New OSHA memos on instance-by-instance and grouping citations
Date Posted: 03/06/2023
In January 2023, OSHA published two memos on citations that could result in higher fines for employers. One memo covers “instance-by-instance” citations where, for example, OSHA may issue one citation for each employee not using fall protection. The other memo covers “grouping” citations where doing so would increase the gravity and penalty.
Where an inspection finds a high-gravity serious violation involving certain conditions, OSHA may issue separate citations for each instance. This would not be used with all regulations, however. Covered conditions include lockout/tagout, machine guarding, permit-required confined space, respiratory protection, falls, trenching, and cases of other-than-serious violations specific to recordkeeping.
Instance-by-instance citations might be applied per machine, entry, or employee, and when each instance cannot be abated by a single method. The memo notes that compliance officers using instance-by-instance citations should consider one or more of the following factors:
- The employer received a willful, repeat, or failure to abate violation within the past five years.
- The employer failed to report a fatality, inpatient hospitalization, amputation, or loss of an eye per 29 CFR 1904.39.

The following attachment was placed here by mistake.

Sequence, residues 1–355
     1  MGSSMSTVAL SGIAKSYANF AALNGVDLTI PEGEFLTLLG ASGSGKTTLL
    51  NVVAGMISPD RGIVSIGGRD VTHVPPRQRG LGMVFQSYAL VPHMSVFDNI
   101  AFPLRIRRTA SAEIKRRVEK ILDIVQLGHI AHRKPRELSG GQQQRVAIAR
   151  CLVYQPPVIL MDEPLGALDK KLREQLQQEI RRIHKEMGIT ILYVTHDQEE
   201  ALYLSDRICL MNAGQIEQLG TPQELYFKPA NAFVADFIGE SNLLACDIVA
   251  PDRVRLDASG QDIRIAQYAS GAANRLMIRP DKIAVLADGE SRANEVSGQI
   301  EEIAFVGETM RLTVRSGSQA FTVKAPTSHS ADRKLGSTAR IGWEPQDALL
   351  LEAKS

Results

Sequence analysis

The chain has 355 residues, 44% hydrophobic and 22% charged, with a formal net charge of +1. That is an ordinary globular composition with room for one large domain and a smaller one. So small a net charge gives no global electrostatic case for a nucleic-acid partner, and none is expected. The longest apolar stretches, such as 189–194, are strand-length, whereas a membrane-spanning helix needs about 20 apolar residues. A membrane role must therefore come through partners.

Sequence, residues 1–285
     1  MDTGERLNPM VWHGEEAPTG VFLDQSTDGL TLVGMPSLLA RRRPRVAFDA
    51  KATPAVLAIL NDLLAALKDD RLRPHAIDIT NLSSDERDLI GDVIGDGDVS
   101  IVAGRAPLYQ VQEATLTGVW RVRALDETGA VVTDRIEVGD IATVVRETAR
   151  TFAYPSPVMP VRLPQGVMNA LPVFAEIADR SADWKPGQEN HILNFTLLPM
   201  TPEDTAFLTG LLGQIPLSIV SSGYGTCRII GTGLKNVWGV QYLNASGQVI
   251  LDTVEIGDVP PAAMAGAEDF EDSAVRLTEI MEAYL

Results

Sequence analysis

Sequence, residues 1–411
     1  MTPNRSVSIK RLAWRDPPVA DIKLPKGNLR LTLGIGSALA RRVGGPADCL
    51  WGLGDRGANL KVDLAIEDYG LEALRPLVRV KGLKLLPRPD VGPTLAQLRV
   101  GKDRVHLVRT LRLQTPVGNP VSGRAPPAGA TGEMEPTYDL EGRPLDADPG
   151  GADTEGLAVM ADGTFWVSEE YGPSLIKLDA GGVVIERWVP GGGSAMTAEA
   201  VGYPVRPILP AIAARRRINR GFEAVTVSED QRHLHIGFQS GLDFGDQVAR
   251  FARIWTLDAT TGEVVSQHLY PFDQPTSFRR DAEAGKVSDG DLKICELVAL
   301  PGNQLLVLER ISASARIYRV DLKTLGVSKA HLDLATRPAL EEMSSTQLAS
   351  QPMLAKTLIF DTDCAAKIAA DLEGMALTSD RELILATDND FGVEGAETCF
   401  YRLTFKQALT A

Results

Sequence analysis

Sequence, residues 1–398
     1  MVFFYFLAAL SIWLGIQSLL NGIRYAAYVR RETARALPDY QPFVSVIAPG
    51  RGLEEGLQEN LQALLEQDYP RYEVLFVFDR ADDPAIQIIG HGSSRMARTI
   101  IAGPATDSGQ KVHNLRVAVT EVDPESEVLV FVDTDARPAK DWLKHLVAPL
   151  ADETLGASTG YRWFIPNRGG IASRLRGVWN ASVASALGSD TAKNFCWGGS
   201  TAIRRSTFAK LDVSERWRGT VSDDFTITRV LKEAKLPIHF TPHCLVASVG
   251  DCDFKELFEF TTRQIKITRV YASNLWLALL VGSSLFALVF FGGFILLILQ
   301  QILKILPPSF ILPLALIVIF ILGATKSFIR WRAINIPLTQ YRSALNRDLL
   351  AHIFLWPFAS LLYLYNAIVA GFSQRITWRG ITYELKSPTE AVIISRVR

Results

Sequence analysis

- The proposed citations are related to a fatality/catastrophe.
- The proposed recordkeeping citations are related to an injury or illness caused by a serious hazard.
This guidance becomes effective March 27, 2023. The former policy adopted in 1990 applied only to egregious willful citations.
In another memo, OSHA reminded Regional Administrators that they need not group violations, and could cite separately. Specifically, the memo states, “In cases where grouping does not elevate the gravity or classification and resulting penalty, then violations should not be grouped if the evidence allows for separate citations.”
The memo noted that grouping would be appropriate when the same abatement measures correct multiple violations. The memo further states that grouping should be considered when:
- Two or more serious or other-than-serious violations constitute a single hazardous condition that is overall classified by the most serious item,
- Two or more other-than-serious violations considered together create a substantial probability of death or serious physical harm, or
- Two or more other-than-serious violations results in a high gravity other-than serious violation.
OSHA would not, however, group citations from multiple inspections of the same establishment, nor group violations from inspections of several different establishments.
How Safety Management Suite Can Help
The best way to avoid OSHA fines (and keep your employees safe) is to identify and correct hazards. Conducting regular inspections and self-audits can help. The Audits feature in the J. J. Keller® SAFETY MANAGEMENT SUITE provides numerous ready-to-use checklists with questions on dozens of topics. The results can help you identify potential hazards or compliance issues and fix them before anyone gets hurt.
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